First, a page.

Inappropriate sharing, incomprehensible ramblings, uncalled-for hostility: yup, it's a blog.

Sunday, October 17, 2010

Relationship stuff

So Saturday morning, dead asleep, I sat up in bed and told Greg some awful things.

I imagine the scene must've been very Exorcist-like, with my eyes rolled back into my head, perhaps my head spinning around on my brain-stem, and, after the words, some pea soup shooting out of my mouth.

Here's the thing: I don't remember saying anything at all. I don't recall anything other than deep, comfortable sleep. When I woke up Saturday, Greg was out--as he was supposed to be--so I went about my day, doing domestic things, taking the dog for a walk, looking forward to going with Greg to see the second part of Angels in America.

Right. So. Took the dog out, brought him home, realized we needed a few things from Rite-Aid, left the dog at home, went back out. Got what we needed. Came back home.

Greg, in the meantime, had also arrived home. He was sitting at his computer when I returned. Waffles danced around my feet.

"Hey," I said.

"Don't act all friendly to me," Greg shot back.

"What?"

"I was so happy when I got home and you weren't here."

I set the Rite-Aid bag down. "What'd I do?" I often ask this question. I am, admittedly, a terrible person constantly doing things that require a 'what'd I do?' follow-up.

"What you said," Greg replied. "Not what you did. What you said."

And what I'd said was pretty bad. Not as bad as the time, a few years back, that I'd sat up in bed and announced to Greg, "No wonder your father killed himself. He did it to escape you and your mother." Greg's father died in 2007, when a tree landed on him. It was a sudden and violent death. Why I declared it a suicide is beyond me.

This Saturday morning, tho--whatever I'd said to Greg had been weighing on him all day.

(Curtain time for Angels in America: 2.5 hours.)

"What did I say?" I asked, without a response. "Greg, really, I was probably dreaming." No response. "The only thing I remember is I was watching 'Married.... With Children' on the laptop. I closed the computer, set it down, and went to sleep."

"'Married... With Children'?"

"It's available on Netflix. It was the first episode. I was curious."

"Marc, you sat up in bed and... proclaimed things. You looked me right in the eye and... I can't do this, I don't want to do this right now. I'm tired, and I have to go to a three-hour show."

"Do you even want to go to the show?"

Greg, no longer at his computer but up and pacing: "Yes. Yes! I want to go to the.... I've seen the movie, I liked the first part on stage... I want to see it."

"What did I say?"

"You sat up in bed."

"And I said...?"

"The alarm went off. I got up. I mumbled something about not wanting to be awake this early. You looked right at me just like you're looking at me now, and you said... fuck it. I don't want to do this right now."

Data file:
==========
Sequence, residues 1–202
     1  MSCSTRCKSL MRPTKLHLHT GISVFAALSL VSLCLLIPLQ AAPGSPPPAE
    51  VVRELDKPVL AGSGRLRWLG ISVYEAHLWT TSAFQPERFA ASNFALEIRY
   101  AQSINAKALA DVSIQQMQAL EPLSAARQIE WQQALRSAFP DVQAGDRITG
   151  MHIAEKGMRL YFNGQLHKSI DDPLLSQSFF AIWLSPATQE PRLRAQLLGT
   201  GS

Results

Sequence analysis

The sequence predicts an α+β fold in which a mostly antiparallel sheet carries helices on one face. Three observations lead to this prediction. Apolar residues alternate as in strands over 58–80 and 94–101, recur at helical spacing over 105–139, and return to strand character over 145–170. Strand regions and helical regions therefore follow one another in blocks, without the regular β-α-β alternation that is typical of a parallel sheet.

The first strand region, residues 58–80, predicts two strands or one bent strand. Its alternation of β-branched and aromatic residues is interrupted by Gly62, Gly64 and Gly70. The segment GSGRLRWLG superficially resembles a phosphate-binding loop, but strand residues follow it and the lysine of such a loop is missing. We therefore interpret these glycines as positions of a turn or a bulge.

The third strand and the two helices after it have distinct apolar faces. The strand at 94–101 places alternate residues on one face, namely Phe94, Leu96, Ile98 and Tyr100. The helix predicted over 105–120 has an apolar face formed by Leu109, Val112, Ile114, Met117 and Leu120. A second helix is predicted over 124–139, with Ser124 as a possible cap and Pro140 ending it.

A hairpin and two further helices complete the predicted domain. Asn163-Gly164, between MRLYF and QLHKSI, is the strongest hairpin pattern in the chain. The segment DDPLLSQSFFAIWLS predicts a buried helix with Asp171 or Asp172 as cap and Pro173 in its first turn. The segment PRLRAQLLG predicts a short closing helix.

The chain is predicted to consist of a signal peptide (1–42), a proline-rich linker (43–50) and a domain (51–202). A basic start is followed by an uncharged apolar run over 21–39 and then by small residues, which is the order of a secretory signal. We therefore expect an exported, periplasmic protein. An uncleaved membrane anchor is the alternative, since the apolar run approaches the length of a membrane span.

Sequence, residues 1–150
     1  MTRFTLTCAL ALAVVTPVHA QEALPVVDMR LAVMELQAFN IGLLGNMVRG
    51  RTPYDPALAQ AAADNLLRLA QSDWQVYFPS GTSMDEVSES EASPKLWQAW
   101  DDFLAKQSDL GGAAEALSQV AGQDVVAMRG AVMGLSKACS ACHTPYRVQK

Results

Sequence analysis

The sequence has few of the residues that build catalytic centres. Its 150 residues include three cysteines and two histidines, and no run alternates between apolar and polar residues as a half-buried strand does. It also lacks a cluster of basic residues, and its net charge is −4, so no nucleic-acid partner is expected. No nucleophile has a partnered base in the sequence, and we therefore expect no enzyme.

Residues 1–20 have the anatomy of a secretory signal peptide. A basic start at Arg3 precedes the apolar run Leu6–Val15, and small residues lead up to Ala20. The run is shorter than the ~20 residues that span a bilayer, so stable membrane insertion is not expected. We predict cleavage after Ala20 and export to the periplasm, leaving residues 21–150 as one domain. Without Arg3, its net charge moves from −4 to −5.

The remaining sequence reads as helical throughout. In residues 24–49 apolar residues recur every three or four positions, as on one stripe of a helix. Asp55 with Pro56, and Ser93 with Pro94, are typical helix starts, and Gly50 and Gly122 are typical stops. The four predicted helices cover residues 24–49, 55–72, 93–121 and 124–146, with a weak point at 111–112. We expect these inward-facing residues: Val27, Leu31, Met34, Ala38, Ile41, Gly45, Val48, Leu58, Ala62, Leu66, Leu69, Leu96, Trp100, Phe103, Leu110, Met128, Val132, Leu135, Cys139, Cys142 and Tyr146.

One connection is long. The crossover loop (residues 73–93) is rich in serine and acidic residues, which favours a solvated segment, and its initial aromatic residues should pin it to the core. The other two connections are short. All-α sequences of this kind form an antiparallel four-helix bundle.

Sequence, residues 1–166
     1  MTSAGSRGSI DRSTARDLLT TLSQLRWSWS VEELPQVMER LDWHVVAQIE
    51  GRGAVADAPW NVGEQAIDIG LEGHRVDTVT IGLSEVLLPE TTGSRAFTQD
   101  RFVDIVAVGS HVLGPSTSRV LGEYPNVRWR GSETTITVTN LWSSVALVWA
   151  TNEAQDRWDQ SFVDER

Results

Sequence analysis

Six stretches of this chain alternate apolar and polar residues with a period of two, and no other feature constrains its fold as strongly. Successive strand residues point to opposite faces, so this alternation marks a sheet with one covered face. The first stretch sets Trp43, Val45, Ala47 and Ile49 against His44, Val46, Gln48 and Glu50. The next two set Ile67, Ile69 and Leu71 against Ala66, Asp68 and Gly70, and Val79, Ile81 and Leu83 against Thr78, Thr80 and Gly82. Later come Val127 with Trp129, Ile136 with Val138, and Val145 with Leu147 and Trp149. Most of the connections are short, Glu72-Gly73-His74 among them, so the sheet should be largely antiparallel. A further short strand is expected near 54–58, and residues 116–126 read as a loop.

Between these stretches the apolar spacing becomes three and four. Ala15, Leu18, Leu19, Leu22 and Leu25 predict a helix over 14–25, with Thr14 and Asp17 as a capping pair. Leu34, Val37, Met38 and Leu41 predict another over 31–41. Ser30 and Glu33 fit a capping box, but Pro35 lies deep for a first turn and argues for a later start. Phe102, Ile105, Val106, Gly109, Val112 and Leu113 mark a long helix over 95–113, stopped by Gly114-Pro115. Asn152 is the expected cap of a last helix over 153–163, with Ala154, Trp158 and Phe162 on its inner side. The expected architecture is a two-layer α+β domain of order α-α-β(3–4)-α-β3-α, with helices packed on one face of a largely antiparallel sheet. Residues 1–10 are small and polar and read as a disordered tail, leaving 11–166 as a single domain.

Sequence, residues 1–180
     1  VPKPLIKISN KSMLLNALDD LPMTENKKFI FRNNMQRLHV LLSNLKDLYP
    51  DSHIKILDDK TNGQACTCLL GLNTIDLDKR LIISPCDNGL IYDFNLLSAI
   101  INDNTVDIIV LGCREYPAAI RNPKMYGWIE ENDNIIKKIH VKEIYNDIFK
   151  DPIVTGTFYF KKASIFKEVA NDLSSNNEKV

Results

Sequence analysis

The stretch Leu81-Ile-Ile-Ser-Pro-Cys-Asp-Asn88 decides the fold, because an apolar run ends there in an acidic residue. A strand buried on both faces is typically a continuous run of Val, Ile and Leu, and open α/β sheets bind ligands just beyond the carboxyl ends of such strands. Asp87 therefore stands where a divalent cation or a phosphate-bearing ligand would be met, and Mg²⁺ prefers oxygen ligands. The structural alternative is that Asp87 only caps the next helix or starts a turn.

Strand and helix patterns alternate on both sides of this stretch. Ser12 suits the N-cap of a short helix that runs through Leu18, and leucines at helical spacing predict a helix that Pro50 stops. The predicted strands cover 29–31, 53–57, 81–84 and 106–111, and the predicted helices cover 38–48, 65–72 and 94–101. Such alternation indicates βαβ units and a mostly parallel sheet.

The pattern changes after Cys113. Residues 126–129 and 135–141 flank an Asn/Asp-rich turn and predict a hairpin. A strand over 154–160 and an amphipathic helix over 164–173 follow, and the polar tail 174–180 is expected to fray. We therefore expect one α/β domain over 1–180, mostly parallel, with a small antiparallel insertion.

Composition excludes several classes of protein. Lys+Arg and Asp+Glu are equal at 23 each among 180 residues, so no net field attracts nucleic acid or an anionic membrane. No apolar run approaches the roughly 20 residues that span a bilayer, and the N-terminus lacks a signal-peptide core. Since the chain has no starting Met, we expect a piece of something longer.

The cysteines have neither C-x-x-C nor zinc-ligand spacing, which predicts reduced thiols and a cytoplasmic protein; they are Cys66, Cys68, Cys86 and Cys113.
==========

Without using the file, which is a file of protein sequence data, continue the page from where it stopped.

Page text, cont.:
"What'd I say?"

(Curtain time for Angels in America: 2.3 hours.)

"Whatever I said," I said, "I'm sorry. I wasn't awake. Believe me, when I'm vicious, I remember. It was a dream." I'm not a fan of Mike Bribiglia for the hell of it. I identify. All my life, things seem to happen between going to sleep and waking up.

"You were right," Greg said. "You're always right."

Here's another thing: Greg is the most important thing in my life, and I'd rather he be right.

After a long, semi-heated discussion, Greg and I agreed we'd try for another night--we'd call the box office and relinquish our tickets, and go sometime later. The tickets were free, after all, a nice gift from a friend who'd worked on the set.

(The set, btw, is fantastic. It works like a puzzle, this set, and compliments the text. The set is a dichotomy--two essential pieces, stage left and stage right, spinning around to accommodate, say, the Pitts' living room, or Roy Cohn's hospital room, or an office in the court house.)

I called the box office to reschedule. It was closed.

"Then we'll go," Greg said. He started to gather his shoes. Waffles attacked his face.

"You aren't in the mood."

"I'm tired. Three hours is a long show."

"We'll go another night. Tickets are cheap."

"Jon got us the tickets and it'll look bad if we don't take them." (Fun fact about comp tickets: if someone gives them to you, you get on a shit-list if you fail to use them.) "Go. I'll be fine." Waffles still attacking his face, shoes set aside.

"I don't want to leave you alone."

"I'm fine," Greg said.

"What did I say?" I asked.

"Go."

So I went.

I ended up going to see the second part of Angels in America alone, which turns out to be a worse idea than sitting up in the early morning and announcing, "Your father killed himself to escape you and your mother."

I got our two comp'd tickets, gave one away to someone hoping to see the show--a young woman reading, no kidding, The Executioner's Song. Before curtain, she sat down and pried open a hardback edition of The Executioner's Song, read til the lights dimmed, and then during the two intermissions she'd whip that book out and continue reading. When, on stage, Prior says to Louis, "I love you, but you can't come back," I wished it were Greg sitting next to me. I missed Greg. And I missed my copy of The Executioner's Song, which is in a box in AL, rotting.

And then I came home, after the young woman in Greg's seat and I gave a standing O to the cast.

When I came home, the final lines of the play were still with me: "And I bless you. More life. The great work begins."

Even though I wanted to, I didn't ask Greg what I'd said--I just kissed him. He kissed me. Waffles danced at my feet. "You okay?" I asked.

"Better."

I hope the next time I sit up in bed and make a declaration, Greg has sense enough to slap me.

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